A pressure and temperature gauge installed on the nitrogen chamber of the bottomhole tool also confirmed the actuation of the nine samplers at the same time. The gauge allowed the reservoir engineer to confirm that the sample bottles had maintained the reservoir pressure. This ensured that the collected fluid had contained all the physical and chemical characteristics required. The verification that annulus pressure provided showing that the sample was collected acoustically is shown in the graph.

The black line shows the pressure data collected by the gauge installed on the nitrogen chamber of the bottomhole sampler. The blue line represents the annulus pressure. In fact, the nitrogen pressure did not change when the annulus pressure was applied. This is another reliable indication that ARMADA bottomhole samplers were actuated acoustically.

As presented, the results proved the success and quality of the sampling operation, in a reliable and distinctive manner. The operational safety is a great advantage, as the use of annulus pressure can be largely minimized.

Annulus pressure ensuring sample was collected acoustically. Source: Halliburton.

A benefit of the wireless operation, the acoustic method of actuation of the ARMADA bottomhole samplers has the potential to save days of rig time. Once the reservoir and well engineers define the proper moment to actuate the samplers, a single click on the control computer will start the process. Additionallty, the risk of repeating sampling operations due to the collection of unrepresentative samples is very unlikely to happen. Constant monitoring of the pressure and temperature of the sample guarantees that it has been monophasic during the entire test.

Recently released by Halliburton, the RezConnect well testing system provides an acoustic feedback feature. It allows for complete understanding of what is occurring downhole. This capability enables immediate and accurate decisions to be made during well test operations. Decisions are made in real time. Operators can more efficiently plan and achieve their intended well test objectives, with less rig time compared to conventional sampling and testing methods.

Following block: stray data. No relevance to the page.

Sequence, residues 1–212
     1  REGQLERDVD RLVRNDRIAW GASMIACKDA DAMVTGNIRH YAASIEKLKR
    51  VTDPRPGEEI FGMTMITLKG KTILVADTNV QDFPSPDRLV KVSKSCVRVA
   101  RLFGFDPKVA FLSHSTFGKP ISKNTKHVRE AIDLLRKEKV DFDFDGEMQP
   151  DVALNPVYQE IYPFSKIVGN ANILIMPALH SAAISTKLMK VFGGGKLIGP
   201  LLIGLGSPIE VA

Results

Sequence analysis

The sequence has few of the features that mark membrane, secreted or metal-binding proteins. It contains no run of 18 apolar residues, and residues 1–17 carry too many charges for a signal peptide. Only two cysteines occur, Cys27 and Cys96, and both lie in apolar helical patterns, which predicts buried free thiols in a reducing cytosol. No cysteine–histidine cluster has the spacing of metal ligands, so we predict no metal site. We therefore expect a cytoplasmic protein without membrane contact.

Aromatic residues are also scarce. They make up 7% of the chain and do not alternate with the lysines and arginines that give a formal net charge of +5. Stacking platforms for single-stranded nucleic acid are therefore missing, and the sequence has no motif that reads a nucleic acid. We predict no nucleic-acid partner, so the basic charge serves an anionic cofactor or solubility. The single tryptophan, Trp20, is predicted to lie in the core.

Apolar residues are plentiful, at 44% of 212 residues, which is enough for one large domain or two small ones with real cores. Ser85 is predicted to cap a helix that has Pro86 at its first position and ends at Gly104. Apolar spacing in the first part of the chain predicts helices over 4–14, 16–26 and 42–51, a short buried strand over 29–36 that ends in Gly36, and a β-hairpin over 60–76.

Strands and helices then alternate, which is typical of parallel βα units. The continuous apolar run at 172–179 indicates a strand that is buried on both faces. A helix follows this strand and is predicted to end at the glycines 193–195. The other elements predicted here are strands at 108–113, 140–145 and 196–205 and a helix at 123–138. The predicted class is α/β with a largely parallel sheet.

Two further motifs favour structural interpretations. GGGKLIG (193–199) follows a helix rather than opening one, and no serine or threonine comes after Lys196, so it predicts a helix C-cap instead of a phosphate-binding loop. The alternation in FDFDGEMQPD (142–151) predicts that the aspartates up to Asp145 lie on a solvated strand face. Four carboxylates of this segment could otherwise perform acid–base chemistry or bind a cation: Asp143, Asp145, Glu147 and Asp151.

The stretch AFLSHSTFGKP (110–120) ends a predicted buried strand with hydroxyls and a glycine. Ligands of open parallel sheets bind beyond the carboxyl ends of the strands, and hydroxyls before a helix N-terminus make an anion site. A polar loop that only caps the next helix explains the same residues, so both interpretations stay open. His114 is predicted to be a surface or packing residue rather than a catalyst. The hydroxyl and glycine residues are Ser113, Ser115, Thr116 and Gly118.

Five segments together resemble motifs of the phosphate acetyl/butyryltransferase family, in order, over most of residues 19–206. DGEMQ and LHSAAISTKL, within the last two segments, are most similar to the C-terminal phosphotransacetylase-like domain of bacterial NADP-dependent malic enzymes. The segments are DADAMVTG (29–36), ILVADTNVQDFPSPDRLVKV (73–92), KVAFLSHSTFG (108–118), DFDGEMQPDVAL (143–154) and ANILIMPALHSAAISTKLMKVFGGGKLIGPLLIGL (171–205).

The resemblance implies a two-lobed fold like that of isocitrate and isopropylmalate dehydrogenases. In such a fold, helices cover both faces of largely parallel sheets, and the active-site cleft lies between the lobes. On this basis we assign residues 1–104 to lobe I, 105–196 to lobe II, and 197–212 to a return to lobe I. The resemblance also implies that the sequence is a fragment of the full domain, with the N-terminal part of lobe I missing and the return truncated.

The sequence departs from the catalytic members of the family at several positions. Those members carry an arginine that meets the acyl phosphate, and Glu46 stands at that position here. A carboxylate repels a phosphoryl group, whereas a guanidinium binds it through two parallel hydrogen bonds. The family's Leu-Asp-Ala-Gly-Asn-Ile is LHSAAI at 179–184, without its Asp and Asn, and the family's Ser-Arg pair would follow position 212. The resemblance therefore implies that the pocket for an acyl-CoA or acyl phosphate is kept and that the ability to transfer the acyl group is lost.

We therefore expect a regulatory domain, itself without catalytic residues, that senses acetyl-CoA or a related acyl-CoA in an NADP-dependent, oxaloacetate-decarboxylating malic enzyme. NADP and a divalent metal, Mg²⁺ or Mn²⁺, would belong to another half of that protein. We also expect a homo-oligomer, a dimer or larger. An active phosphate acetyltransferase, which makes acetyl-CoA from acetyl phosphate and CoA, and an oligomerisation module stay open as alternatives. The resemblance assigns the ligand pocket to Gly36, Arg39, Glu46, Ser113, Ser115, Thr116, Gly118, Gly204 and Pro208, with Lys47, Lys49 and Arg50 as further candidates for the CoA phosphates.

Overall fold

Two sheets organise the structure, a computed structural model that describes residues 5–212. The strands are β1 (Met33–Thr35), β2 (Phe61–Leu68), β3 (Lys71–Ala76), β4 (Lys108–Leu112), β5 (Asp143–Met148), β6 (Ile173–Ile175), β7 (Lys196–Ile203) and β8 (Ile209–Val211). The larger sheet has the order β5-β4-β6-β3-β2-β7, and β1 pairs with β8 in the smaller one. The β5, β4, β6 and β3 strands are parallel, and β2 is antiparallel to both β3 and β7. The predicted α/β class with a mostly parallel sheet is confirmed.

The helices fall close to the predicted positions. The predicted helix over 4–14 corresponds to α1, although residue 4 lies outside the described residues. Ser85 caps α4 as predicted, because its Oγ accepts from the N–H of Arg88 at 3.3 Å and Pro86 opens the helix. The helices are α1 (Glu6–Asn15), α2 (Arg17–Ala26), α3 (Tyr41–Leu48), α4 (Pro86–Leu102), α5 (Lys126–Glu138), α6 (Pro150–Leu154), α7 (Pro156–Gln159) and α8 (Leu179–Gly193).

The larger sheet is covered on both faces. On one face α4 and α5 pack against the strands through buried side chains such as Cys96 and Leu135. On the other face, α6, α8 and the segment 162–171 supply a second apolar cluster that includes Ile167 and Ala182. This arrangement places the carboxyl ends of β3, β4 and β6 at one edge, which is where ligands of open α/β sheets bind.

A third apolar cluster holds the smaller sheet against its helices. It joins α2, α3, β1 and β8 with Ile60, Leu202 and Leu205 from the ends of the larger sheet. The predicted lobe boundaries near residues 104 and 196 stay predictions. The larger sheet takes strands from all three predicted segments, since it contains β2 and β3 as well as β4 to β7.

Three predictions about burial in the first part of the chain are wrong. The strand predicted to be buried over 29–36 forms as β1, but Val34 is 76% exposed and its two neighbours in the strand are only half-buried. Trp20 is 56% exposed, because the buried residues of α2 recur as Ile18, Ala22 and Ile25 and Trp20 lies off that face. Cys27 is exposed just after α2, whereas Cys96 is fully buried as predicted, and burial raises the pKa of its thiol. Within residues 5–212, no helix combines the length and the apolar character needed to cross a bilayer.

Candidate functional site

Using Halliburton’s successfully established proprietary DynaLink telemetry system, RezConnect well testing system integrates all the DST tools and allows surface verification of operational status.

Flavio Dias 
joined Halliburton in 2001 as a data acquisition specialist for testing and subsea (TSS). In 2004, he worked overseas, developing skills on surface well testing technologies. After his return to Halliburton in 2007, Flávio worked as a TSS field engineer, testing offshore coordinator and DAS shop supervisor. From October 2012 to March 2014, he was the testing and subsea technology technical professional engineer for Latin America, based in Carrollton, Texas.  Flávio currently works on the TSS business development team in Southeastern Brazil.  Flávio holds a degree in petroleum engineering from Universidade Estácio de Sá.

Fernando Marcancola 
has over six years of oilfield experience in deepwater exploration as a reservoir field engineer in Brazil. In 2013 Fernando held an assignment at Halliburton’s Technology Center in Carrollton, Texas, supporting operations and technology for well testing operations, focused mainly on telemetry controlled well tester valves. Currently he  is a project team coordinator for Halliburton’s Testing and Subsea product service line in Brazil. Fernando holds a degree in control and automation engineering from Universidade Federal de Itajubá in Brazil and is currently pursuing a Master’s degree in petroleum engineering at Heriot Watt University.

Antonio Mataruco 
joined Halliburton in 2009 as a testing and subsea field engineer in the sampling sub-product service line and worked with Sampling in Brazil and Mexico. He was promoted at the end of 2013 to the shop supervisor position. Antonio holds a degree in production engineering from Universidade Federal de Itajubá.